U.S. Department of Energy

Pacific Northwest National Laboratory

Getting from Greenhouse Gas to Microbial Biomass

In this microscopy image of the co-culture, green represents the methane-oxidizing bacteria and red represents a fluorescence specific to the cyanobacterium Synechococcus 7002.

The Science

Microbial biomass is a clean, renewable energy source with the potential to significantly diversify and sustain future energy and transportation fuel requirements. A new paper by researchers at the Pacific Northwest National Laboratory (PNNL) describes a process that captures methane from natural gas and biogas and uses photosynthesis to convert it into biomass feedstock. In this way, energy-rich carbon is not dispersed into the atmosphere as a greenhouse gas and instead is converted to useful products. 

The Impact

The new process is scalable and flexible, and presents a proof-of-concept that obtains exceptional biomass productivity compared to future targets for algal biomass production.At the heart of the process is a new way to cultivate engineered microbial consortia that self-regulate members’ growth. It does this by harnessing a natural metabolic coupling between two organisms: photosynthetic cyanobacteria and methane-oxidizing bacteria. The resulting scheme is more stable and reliable than conventional methods of producing energy-viable biomass via photosynthesis and methane oxidation alone. This new benchmark technology for co-cultivation converts anthropogenic methane (CH4) and carbon dioxide (CO2) into beneficial microbial feedstocks in a way that positively impacts the environment. Presently, these two gases are the largest manmade contributors of greenhouse gases to the atmosphere. That’s because a large fraction of natural gas and biogas – significant sources of manmade CH4and CO– are flared or vented into the air. Losses of the natural gas co-produced with oil recovery, for instance, are equivalent to wasting 5 quadrillion BTUs of energy a year.


Greenhouse gases such as COand CHare emitted into our atmosphere as waste products of current energy production activities. But imagine turning this waste carbon into a reliable, economical, and safe source of feedstocks for biofuels and other bioproducts. In a paper by lead author Eric Hill, four PNNL researchers propose a robust, integrated, self-regulating co-cultivation platform of well-known microbes that accomplishes that beneficial conversion. One derives energy from the sun (a photoautotrophic cyanobacteria) and the other from the oxidation of methane (a methanotroph).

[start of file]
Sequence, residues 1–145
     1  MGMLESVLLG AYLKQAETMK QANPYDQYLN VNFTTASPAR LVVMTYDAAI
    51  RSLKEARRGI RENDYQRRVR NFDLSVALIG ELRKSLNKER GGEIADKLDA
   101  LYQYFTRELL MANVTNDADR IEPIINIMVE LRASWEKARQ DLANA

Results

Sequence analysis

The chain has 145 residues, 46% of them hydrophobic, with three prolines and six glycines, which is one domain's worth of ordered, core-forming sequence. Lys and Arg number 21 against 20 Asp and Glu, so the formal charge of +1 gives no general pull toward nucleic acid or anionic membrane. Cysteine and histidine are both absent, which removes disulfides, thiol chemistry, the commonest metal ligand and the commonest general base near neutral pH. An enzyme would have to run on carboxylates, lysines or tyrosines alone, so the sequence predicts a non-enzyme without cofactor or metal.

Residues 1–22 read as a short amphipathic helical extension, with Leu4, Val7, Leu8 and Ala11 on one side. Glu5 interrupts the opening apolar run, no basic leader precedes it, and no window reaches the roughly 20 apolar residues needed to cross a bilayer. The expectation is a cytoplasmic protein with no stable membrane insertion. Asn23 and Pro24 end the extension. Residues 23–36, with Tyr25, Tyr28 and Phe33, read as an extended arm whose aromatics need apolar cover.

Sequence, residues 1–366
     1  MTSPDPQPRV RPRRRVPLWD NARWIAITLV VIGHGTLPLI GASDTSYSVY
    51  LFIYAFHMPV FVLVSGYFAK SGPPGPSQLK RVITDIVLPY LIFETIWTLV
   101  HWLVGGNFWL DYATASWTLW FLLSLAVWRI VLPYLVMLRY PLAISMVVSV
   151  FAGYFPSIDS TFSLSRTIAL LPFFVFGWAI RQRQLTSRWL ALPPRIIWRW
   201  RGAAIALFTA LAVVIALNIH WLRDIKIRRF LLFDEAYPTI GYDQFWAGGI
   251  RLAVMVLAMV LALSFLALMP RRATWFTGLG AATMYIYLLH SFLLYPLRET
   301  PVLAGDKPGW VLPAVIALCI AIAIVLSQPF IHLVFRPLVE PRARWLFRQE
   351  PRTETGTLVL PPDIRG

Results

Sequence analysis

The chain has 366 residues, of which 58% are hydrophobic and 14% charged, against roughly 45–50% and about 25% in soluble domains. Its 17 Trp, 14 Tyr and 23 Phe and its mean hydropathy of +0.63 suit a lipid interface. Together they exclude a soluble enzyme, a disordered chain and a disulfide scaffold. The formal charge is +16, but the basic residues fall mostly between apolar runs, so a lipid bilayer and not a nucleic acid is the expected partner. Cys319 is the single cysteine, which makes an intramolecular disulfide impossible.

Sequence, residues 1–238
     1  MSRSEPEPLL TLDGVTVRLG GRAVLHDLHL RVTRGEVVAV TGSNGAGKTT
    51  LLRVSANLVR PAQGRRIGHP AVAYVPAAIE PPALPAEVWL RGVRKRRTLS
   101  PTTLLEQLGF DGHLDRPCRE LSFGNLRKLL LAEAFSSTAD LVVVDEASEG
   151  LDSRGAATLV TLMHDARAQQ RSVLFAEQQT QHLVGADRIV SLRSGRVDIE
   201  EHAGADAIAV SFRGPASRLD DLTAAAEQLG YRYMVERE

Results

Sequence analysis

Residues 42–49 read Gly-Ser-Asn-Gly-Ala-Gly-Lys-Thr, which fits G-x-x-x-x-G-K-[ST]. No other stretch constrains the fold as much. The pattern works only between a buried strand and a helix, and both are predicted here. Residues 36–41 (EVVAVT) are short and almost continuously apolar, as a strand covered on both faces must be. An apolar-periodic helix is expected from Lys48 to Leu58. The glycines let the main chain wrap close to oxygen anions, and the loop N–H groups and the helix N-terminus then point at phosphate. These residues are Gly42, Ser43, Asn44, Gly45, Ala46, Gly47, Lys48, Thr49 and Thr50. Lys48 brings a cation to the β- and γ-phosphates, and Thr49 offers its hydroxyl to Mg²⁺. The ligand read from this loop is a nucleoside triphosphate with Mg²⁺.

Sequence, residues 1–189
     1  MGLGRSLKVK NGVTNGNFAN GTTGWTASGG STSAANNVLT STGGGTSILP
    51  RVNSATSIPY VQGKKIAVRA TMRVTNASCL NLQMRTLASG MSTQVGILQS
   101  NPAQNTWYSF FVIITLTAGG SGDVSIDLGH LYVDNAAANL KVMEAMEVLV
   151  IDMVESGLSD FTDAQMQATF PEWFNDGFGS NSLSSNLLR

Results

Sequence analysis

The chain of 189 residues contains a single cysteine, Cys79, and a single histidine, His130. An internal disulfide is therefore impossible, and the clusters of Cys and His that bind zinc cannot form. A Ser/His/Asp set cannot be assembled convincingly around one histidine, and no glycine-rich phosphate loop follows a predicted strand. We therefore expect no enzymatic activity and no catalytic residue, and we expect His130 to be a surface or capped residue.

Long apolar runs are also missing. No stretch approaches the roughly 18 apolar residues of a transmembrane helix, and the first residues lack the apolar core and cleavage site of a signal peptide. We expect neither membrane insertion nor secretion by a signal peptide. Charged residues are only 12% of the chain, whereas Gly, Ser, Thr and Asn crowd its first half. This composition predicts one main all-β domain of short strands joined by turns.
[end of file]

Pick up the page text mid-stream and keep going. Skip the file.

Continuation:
Many state-of-the-artbiotechnologiesalready in development are trying to capitalizeontheproductivityandstabilityderived from co-cultivating microbialconsortia. But this PNNL study, led by corresponding author Hans Bernstein, presents a new benchmark in co-culture technology – a scalable platformforengineering custom bioprocesses. It’s safer, more flexible, and more stable than previously presented methods for generating microbial biomass or bioproducts from CO2and CH4.

At the heart of the new method is acyanobacteria-methanotrophbinaryculture basedona robustand natural metaboliccouplingbetweenenergy from the sun (oxygenicphotosynthesis)andenergy from a common carbon compound (methaneoxidation). The cultureis amenabletometabolicengineering, which makes theplatformflexibleand scalablefortheproduction ofdifferent bioproductsbased oncost-effective,renewableCOand CH4 feedstocks.

Microbial biomass is a promising intermediate feedstock for synthesizing biofuels and bioproducts. It can be processed by using modern thermochemical conversion technologies, including hydrothermal liquefaction and pyrolysis methods that produce biocrudes that are much like petroleum crude oils. The ability of multi-species microbial consortia to capture and convert CHand CO2represent a tremendous future research opportunity for biotechnologists and engineers. 


The Linus Pauling Distinguished Postdoctoral Fellowship Program, a Laboratory Directed Research and Development Program of Pacific Northwest National Laboratory. Capabilities investments by the Genomic Science Program, Office of Biological and Environmental Research. The Biofuels Scientific Focus Area at PNNL. Additional acknowledgement is given to the DOE Energy Efficiency & Renewable Energy’s Lab-Corps program that provided specialized training related to the future impact and commercialization of this technology.


Eric A. Hill, et al., “A flexible microbial co-culture platform for simultaneous utilization of methane and carbon dioxide from gas feed stocks.”Bioresource Technology, 228, 250-256 (2017) [doi.org/10.1016/j.biortech.2016.12.111]

March 2017
| Pacific Northwest National Laboratory